If you have moderate to severe rheumatoid arthritis (RA), there may come a time when you need to consider having hand surgery to correct deformities and damage caused by the disease process. There are factors you need to consider before deciding if surgery is right for you.
Your orthopedic surgeon will make the final judgement on whether or not your disease is adequately controlled enough for surgery to be an option. With RA, disease control can create a complex orthopedic problem. For example, damage or rupture of underlying soft tissues may necessitate repairs. Although this may temporarily fix joint instability, the problem will likely reoccur without good control over the disease process.
Further complicating the matter is that you often need to stop your medications for a couple of weeks before surgery, with no guarantee you will receive the same level of disease control upon restarting your medications. If you have struggled to find the right combination of medications and are doing well on your current regimen, you may find stopping your medications temporarily might not be worth the risk.
Typically, when someone considers hand surgery for RA, both pain and functionality are an ongoing problem. Although deformities from RA can limit both fine and gross motor skills, you may have to adjust to different functional limitations after surgery. For example, swan-neck and boutonniere's deformity are among the most common hand deformities seen in RA. They can prevent full extension of the fingers, but many people are still able to grip objects to some degree. Fusion surgery is a common surgical option to straighten the fingers. With joint fusion can come the inability to bend the fingers at all or your grasp may be limited to only moving at the metacarpophalangeal joint.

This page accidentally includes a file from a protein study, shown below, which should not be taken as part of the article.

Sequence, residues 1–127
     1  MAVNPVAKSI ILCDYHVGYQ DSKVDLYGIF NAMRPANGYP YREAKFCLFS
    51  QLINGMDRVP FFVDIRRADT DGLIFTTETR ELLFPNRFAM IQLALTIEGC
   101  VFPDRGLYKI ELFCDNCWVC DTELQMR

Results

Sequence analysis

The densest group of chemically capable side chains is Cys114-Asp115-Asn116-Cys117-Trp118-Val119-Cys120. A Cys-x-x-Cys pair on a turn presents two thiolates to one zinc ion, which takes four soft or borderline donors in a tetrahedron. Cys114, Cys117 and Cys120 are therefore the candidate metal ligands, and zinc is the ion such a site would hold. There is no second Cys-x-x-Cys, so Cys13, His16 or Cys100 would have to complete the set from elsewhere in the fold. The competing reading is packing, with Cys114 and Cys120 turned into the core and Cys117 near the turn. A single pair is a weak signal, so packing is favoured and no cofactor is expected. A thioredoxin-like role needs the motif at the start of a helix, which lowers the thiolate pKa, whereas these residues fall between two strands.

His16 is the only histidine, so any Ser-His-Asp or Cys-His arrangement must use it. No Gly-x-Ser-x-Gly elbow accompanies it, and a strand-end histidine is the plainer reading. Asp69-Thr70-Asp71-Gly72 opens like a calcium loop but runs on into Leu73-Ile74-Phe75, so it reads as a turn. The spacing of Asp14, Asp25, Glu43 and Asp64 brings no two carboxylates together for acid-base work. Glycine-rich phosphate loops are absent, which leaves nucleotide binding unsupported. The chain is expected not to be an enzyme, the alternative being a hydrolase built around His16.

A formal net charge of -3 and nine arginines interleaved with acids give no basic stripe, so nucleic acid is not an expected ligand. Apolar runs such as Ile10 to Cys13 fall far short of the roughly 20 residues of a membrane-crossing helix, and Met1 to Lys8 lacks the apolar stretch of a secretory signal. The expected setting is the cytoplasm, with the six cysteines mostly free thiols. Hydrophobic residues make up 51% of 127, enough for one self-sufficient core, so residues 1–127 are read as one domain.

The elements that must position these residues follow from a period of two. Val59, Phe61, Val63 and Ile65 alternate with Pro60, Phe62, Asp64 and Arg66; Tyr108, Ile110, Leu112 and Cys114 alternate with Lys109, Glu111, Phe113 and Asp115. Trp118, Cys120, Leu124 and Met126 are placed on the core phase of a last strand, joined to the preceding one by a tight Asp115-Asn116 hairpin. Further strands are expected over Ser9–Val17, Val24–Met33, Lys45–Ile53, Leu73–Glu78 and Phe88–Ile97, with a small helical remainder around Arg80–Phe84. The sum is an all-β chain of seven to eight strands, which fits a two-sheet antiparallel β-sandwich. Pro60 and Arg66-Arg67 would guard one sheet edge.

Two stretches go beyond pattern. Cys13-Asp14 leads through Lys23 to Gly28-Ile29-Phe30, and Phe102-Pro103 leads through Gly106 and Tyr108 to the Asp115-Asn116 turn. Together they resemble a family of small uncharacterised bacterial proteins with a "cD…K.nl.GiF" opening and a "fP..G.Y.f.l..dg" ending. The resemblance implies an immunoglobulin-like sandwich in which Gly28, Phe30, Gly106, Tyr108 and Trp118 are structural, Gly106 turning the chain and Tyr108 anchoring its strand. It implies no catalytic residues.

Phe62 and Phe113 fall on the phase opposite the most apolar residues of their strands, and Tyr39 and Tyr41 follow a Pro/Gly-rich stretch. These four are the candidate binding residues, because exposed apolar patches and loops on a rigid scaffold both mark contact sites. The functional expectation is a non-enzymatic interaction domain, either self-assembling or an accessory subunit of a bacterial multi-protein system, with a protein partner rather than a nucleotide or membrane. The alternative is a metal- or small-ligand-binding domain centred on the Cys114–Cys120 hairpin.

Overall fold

Another form of surgery that can be performed on the hands is a synovectomy. Since RA mostly affects the synovial joints, the removal of the synovium (theoretically) stops the disease process in the joint. Ideally, the surgery should be performed before complete destruction of the joints occur, as to preserve any remaining healthy joint surface. Removing the synovium can help decrease pain, but you should realize there is a difference between the types of pain you may experience.
For example, the active disease process will cause pain, but you may also experience pain from joint destruction. If you have the synovium removed, you may continue to have significant pain in your hands if damage to the joint surface and/or soft tissues has already occurred. However, the procedure may also halt the progression of damage that is directly a result of the disease.
Making the decision to have hand surgery is not always easy. Fortunately, hand surgery can afford you a better quality of life in the form of decreased pain and more independence. Consult a professional hand doctor, like Town Center Orthopaedic Associates, P.C., to learn what might be best for you.Share